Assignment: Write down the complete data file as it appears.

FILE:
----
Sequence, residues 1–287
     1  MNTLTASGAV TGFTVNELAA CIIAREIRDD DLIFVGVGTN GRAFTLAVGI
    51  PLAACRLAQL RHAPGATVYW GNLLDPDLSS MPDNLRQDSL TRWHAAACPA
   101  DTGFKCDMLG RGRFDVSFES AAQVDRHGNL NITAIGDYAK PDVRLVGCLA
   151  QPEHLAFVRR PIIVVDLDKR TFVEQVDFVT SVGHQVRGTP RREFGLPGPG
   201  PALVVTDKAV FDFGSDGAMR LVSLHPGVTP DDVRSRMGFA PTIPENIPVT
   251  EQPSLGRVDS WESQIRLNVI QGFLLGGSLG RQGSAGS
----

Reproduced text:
Sequence, residues 1–287
     1  MNTLTASGAV TGFTVNELAA CIIAREIRDD DLIFVGVGTN GRAFTLAVGI
    51  PLAACRLAQL RHAPGATVYW GNLLDPDLSS MPDNLRQDSL TRWHAAACPA
   101  DTGFKCDMLG RGRFDVSFES AAQVDRHGNL NITAIGDYAK PDVRLVGCLA
   151  QPEHLAFVRR PIIVVDLDKR TFVEQVDFVT SVGHQVRGTP RREFGLPGPG
   201  PALVVTDKAV FDFGSDGAMR LVSLHPGVTP DDVRSRMGFA PTIPENIPVT
   251  EQPSLGRVDS WESQIRLNVI QGFLLGGSLG RQGSAGS